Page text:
I had another small, helpful revelation one night, writing while CNN played at the other end of the room. Larry King was interviewing a quirkily crew-cutted American politician named Gary Condit who was forever squirming under the lights, denying his role in the baffling disappearance of a girl much younger than him. Naturally, the more he squirmed, the more everyone was convinced he was guilty. And then I had this sudden and strange thought: what if some poor bastard ever got himself in this same position but hadn't actually done anything wrong? Once they start to train those cameras on you, do you have any kind of chance of surviving? (It was only later that it came out Gary Condit was, to everyone's surprise, and certainly mine, innocent.) And right then and there I decided I had the plotline I wanted to weave into my characters lives. The possibility of foul play. However, because I wasn't interested in it from a cops and courtroom perspective, it would be the story of a guy who's friend was suspected in a girl's disappearance, and how it affected all of their relationships. I didn't want to write about clues and questionings; instead the space cadet sidekick was going to run into trouble.

I thought writing funny would be easier. Not easy, but easier. I couldn't figure out why other writers didn't try harder to be funny in their books. Now I know. It's fucking hard. The pacing is so different, you can't possibly go at the rhythm of a sitcom or a movie. Which is what most people think of when you say 'funny'. So instead you cheat humour into opportunities that present themselves naturally, and subtly create others. You work incredibly hard to slip in anecdotes and episodes and entire plot turns just so you can lead everything up to a line you like the sound of, or an exchange that gets your rocks off. It's very dicey. Your characters banter. Your narrator makes a lot of asides. There are a number of look-yourself-in-the-mirror moments where you try to figure out if the badminton scene is happening in the story because it ought to or because you like the way the word shuttlecock looks near the end of a sentence.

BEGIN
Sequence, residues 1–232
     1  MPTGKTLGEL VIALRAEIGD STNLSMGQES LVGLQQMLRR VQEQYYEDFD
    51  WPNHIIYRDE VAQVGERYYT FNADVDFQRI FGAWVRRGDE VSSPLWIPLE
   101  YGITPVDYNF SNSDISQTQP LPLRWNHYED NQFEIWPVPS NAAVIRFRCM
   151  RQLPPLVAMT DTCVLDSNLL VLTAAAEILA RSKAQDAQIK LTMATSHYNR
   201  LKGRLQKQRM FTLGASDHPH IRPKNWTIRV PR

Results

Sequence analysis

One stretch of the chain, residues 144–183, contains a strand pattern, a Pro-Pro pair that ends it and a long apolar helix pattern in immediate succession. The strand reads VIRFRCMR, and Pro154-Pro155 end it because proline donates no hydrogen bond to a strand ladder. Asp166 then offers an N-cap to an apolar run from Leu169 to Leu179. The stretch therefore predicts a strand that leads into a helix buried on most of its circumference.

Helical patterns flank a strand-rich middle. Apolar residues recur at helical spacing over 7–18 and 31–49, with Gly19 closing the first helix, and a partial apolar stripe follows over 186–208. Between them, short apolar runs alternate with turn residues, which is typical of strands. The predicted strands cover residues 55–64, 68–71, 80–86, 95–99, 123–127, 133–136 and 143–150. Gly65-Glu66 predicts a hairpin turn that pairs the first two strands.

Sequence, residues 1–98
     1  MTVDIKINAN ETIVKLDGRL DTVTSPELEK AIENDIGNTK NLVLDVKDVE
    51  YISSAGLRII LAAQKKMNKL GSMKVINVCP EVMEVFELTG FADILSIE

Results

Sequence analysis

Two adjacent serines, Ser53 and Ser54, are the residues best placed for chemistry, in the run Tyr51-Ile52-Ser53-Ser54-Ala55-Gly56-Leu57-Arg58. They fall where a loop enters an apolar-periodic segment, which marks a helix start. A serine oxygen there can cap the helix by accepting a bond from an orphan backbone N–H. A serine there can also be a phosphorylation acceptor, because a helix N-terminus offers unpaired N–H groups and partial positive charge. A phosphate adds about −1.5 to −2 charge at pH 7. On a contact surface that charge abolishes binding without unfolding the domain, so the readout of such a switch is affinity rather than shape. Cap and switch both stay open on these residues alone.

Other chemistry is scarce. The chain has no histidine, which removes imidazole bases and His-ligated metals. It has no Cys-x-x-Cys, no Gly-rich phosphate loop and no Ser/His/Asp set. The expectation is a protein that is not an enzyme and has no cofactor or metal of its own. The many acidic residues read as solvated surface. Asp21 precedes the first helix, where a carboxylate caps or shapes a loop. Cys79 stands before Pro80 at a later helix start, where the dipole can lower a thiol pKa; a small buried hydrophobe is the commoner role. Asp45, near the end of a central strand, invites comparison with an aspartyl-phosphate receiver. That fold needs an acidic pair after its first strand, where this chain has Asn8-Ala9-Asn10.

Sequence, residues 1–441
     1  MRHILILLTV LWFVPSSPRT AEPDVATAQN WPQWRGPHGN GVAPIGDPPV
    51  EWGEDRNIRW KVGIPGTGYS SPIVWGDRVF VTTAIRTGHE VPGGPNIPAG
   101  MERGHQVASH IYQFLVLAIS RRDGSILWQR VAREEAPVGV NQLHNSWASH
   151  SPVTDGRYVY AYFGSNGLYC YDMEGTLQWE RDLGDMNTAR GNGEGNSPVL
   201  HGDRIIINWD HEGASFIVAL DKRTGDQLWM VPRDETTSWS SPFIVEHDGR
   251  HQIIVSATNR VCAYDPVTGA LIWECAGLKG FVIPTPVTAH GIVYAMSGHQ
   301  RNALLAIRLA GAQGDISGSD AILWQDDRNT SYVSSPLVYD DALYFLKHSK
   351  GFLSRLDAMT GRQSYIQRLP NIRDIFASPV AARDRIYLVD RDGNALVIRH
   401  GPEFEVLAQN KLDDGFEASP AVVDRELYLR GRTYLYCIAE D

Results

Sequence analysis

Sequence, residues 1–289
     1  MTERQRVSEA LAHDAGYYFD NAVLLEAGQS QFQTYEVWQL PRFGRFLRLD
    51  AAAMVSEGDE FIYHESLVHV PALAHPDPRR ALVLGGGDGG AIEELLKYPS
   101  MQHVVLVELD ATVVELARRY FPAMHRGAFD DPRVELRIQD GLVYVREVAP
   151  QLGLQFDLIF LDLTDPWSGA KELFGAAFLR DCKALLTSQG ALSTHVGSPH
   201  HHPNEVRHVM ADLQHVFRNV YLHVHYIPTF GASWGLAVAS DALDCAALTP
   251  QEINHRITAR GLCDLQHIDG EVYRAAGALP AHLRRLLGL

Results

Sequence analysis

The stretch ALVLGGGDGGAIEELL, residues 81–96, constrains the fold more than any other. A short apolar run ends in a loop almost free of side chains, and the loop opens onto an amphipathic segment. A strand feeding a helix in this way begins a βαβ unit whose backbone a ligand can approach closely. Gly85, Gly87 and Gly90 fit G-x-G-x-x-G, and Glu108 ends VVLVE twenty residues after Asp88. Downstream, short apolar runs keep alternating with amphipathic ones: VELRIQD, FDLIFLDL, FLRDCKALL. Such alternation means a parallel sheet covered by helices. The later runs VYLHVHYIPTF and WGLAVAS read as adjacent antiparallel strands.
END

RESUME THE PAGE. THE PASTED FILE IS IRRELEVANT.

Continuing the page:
I wrote from the memories of my youth and so that meant Montreal. Some of it NDG for sure, but definitely some from the north end of the island too, Cartierville, which most people hardly knew of, it seemed to me, except maybe because this is where Belmont Park once was. I melded neighbourhoods and merged timelines, feeling very free about setting it in a space I wanted to remember, more than actually existed. It was a blast, in that way. I recall almost everyone from my earlier years fondly. And all the places. So I just invented a comfortable, fun turf. Straight out of my head. Because the thing was, I had no intention of naming anything along the way. Not even Montreal. Nada. I referred only to this 'street' and that 'boulevard'. The Royal Victoria Hospital was 'City General'. The Laurentians were 'Up North'. It was pure North American generic. It was very liberating. I didn't want to get into it. Especially living in Montreal, and all that can sometimes mean to people. I was writing about people who never embraced anything anyways. And I was Canadian. And a first-time author. Looking for an agent in New York, and a publisher. I didn't want any more strikes against me.